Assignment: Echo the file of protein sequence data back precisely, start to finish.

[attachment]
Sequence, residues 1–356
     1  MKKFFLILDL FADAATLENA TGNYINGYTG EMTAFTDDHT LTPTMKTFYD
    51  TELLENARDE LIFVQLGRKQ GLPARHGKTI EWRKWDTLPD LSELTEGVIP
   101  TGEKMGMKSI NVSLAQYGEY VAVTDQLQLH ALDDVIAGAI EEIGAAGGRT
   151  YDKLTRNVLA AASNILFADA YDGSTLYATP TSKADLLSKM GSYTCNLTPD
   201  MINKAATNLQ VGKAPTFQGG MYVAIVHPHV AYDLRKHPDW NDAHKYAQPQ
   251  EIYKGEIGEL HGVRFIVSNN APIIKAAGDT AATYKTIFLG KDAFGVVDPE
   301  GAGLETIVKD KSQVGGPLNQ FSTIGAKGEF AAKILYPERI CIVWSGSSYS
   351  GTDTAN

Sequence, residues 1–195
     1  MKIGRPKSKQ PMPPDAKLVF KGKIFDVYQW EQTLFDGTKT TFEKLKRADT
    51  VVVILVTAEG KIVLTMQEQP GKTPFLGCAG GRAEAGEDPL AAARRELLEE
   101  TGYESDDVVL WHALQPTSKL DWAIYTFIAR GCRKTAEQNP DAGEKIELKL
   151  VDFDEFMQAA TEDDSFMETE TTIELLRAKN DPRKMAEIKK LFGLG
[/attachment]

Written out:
Sequence, residues 1–356
     1  MKKFFLILDL FADAATLENA TGNYINGYTG EMTAFTDDHT LTPTMKTFYD
    51  TELLENARDE LIFVQLGRKQ GLPARHGKTI EWRKWDTLPD LSELTEGVIP
   101  TGEKMGMKSI NVSLAQYGEY VAVTDQLQLH ALDDVIAGAI EEIGAAGGRT
   151  YDKLTRNVLA AASNILFADA YDGSTLYATP TSKADLLSKM GSYTCNLTPD
   201  MINKAATNLQ VGKAPTFQGG MYVAIVHPHV AYDLRKHPDW NDAHKYAQPQ
   251  EIYKGEIGEL HGVRFIVSNN APIIKAAGDT AATYKTIFLG KDAFGVVDPE
   301  GAGLETIVKD KSQVGGPLNQ FSTIGAKGEF AAKILYPERI CIVWSGSSYS
   351  GTDTAN

Sequence, residues 1–195
     1  MKIGRPKSKQ PMPPDAKLVF KGKIFDVYQW EQTLFDGTKT TFEKLKRADT
    51  VVVILVTAEG KIVLTMQEQP GKTPFLGCAG GRAEAGEDPL AAARRELLEE
   101  TGYESDDVVL WHALQPTSKL DWAIYTFIAR GCRKTAEQNP DAGEKIELKL
   151  VDFDEFMQAA TEDDSFMETE TTIELLRAKN DPRKMAEIKK LFGLG